Saturday, 1 August 2020



By Sylvester Udemezue

In a personal statement I made public on 23 May 2020, I had declared thus:

“… after a careful thought, deep analysis and in line with principles I hold dear, I have chosen to not only support but to diligently and vigorously canvass support for Dr Babatunde Ajibade, Ph.D., SAN, to become the next NBA President… once I have chosen to support, I listen only to the immortal words of Abaraham Lincoln: ‘ I do the best I know how – the very best I can and I mean to keep on doing so until the end…. while I work very hard and pray fervently that Dr Ajibade should win, because I think he is the best among equals, I have prepared my mind that whoever wins is the will of God. I am guided by the words of Benjamin Disraeli: ‘Work and hope for the best, but prepare for the worst....’”


The elections have now come and gone. Through our candidate, our team (#TeamAjibade) has congratulated Mr. Olumide Akpata. On my part, in my personal capacity, I have sent a message, via the SMS and WhatsApp, to the President-elect, to congratulate him:

Good afternoon, sir. I had called twice yesterday (31/07/2020), to congratulate you. I called again some minutes ago. Perhaps, you're too busy to answer. Please, accept my hearty congratulations on your victory. May your victory favour the NBA and the entire legal profession. Amen. I am particularly happy with your resolve to ‘secure the future through a United Bar that works for all.’ I pray God to help you keep the beautiful promise, in the best interest of the NBA. Amen. Once again, sir, congratulations, sir. Faithfully, Sylvester Udemezue (Udems)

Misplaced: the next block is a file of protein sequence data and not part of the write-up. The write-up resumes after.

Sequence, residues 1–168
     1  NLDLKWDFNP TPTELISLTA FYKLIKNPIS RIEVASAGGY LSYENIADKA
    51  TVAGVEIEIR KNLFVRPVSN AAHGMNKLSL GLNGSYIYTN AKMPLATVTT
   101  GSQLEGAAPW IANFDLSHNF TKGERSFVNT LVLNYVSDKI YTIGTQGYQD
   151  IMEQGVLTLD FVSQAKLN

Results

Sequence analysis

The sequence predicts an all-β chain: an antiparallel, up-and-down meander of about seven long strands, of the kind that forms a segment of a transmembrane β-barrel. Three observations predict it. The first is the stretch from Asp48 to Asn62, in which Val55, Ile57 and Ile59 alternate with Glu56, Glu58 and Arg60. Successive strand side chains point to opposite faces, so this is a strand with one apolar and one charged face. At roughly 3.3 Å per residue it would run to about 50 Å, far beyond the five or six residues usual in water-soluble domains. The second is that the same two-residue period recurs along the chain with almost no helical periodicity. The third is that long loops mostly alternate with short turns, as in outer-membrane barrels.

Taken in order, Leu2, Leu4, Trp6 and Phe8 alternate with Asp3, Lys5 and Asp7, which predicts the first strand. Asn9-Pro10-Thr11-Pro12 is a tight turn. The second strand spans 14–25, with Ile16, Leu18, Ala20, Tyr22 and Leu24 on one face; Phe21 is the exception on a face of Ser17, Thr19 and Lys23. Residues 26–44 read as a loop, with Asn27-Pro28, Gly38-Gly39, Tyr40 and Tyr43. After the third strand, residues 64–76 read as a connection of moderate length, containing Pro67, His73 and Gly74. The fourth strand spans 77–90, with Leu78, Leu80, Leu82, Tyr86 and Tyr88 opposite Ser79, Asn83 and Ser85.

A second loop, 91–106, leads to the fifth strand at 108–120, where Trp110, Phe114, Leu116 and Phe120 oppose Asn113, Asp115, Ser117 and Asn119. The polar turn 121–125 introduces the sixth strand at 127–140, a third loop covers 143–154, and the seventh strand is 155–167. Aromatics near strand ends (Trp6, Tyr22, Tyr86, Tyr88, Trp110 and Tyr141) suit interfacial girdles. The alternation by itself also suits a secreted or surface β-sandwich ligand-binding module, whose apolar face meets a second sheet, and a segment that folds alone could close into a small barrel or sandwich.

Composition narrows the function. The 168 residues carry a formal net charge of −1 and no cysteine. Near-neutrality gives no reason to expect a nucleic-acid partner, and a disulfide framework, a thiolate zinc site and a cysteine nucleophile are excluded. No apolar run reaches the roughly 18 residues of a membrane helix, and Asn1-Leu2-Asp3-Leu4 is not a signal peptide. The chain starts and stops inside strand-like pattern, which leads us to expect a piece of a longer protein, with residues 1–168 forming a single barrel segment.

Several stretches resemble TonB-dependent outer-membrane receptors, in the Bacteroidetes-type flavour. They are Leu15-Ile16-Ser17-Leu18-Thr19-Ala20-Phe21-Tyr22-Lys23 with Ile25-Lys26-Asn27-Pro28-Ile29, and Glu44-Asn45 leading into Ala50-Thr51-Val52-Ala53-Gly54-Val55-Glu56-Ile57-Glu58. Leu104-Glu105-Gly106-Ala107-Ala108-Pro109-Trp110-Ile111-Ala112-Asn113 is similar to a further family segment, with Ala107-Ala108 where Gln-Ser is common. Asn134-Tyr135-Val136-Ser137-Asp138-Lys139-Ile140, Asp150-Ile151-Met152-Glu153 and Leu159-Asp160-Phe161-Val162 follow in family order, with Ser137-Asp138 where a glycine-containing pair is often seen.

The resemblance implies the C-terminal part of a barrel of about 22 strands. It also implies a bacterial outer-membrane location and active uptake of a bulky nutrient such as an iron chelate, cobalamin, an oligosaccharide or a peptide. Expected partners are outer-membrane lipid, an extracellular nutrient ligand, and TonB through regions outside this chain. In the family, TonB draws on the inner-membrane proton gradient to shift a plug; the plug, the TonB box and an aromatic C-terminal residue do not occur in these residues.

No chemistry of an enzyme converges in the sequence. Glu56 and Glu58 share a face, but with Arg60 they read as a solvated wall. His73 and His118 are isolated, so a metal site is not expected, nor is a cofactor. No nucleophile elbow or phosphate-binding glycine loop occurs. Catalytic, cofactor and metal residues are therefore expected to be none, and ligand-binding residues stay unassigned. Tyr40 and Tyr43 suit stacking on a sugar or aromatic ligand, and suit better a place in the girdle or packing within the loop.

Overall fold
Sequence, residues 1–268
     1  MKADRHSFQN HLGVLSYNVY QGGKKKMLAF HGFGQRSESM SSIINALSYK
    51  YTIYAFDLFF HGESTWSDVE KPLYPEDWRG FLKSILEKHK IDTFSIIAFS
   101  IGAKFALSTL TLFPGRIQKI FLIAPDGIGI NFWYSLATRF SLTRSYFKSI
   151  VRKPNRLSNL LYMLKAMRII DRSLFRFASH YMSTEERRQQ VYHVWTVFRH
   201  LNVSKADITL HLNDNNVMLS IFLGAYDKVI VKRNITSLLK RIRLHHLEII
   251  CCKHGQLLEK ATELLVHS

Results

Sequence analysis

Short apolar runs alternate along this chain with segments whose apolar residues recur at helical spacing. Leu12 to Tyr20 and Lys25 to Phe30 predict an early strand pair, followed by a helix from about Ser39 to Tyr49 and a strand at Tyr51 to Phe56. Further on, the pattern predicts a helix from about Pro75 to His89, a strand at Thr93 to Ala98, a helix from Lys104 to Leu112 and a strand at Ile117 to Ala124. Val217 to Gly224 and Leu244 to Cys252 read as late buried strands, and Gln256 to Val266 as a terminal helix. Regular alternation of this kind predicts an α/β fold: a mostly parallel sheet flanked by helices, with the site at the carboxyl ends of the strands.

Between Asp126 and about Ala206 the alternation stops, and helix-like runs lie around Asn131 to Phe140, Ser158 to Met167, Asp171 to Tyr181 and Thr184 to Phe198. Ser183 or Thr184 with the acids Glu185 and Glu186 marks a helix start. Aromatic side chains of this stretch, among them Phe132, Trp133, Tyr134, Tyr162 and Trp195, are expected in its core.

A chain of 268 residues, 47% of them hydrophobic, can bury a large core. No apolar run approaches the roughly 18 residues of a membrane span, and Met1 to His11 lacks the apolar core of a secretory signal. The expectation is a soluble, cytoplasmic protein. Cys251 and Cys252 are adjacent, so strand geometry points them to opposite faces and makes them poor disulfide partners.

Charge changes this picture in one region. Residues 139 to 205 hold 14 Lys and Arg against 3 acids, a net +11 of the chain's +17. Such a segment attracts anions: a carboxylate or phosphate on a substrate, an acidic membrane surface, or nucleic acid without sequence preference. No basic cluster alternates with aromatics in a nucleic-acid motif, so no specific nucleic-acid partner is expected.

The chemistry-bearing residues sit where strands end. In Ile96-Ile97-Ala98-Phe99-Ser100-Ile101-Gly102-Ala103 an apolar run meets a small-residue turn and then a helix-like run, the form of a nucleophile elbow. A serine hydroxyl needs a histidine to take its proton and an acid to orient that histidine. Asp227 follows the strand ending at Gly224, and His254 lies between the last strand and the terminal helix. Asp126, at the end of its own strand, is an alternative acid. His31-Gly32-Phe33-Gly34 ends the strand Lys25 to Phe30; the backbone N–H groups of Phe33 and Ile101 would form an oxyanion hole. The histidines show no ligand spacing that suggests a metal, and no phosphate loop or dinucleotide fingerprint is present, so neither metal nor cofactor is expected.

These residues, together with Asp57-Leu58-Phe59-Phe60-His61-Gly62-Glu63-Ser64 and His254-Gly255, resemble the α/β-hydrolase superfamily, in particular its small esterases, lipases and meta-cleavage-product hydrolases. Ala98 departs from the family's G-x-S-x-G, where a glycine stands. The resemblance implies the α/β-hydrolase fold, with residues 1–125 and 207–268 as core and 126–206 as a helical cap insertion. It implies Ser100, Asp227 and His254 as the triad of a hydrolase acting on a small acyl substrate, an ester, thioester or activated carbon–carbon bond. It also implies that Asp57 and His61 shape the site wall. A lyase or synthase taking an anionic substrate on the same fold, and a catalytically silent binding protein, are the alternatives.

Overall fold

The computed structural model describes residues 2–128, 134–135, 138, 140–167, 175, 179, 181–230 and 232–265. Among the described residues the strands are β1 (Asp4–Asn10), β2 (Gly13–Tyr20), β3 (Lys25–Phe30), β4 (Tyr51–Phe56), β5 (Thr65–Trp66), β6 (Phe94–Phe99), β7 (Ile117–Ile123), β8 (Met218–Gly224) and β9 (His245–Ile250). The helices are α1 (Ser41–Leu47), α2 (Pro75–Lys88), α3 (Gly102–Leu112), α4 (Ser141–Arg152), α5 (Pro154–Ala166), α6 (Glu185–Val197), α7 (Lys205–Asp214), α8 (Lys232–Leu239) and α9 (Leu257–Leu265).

I have also chosen this medium to, again, heartily congratulate the NBA President-elect, Mr. Akpata, on his victory. It was a keenly contested election, but someone had to win. The term “election” itself suggests a contest between two or more persons at the end of which one person must win and another or others must lose, while all must thereafter continue as one. Dear sir, I urge you to be high-minded in victory; to reach out to the other contestants, indeed to all camps and also to endeavour to carry everyone along in your leadership of the NBA, during the next two years. This you should do in order to succeed, and make the NBA better, because your camp or supporters alone cannot make you succeed; they can only make you remain for only one side! I sincerely hope you be guided by the words of Michael Watson who once advised, “true winners and strong people don’t put others down, they lift them up.”


Further, leaders that aim to succeed must adopt all-inclusiveness as their motto, so as to be able to create an environment in which all individuals and sections feel empowered to express their opinions freely within the larger group. Diversity of thinking is critical to effective collaboration and management. A leader has not begun leading until the leader has learned to rise above the narrow confines of his individualistic concerns to the broader concerns of all members of society he leads, and in fact the whole of humanity. In Jesse Jackson’s words, “inclusiveness is not a matter of political correctness. It is the key to growth. When everyone is included, everyone wins.” NBA is the better for it. As I wrote in my message to you, I am happy with your declared resolve to ‘secure the future through a United Bar that works for all.’ I pray God to help you keep the beautiful promise, in the best interest of the NBA.

I congratulate all other declared winners, on their victory. I urge you all to see your victory as an opportunity to make a difference, in the best interest of the Legal Profession in Nigeria.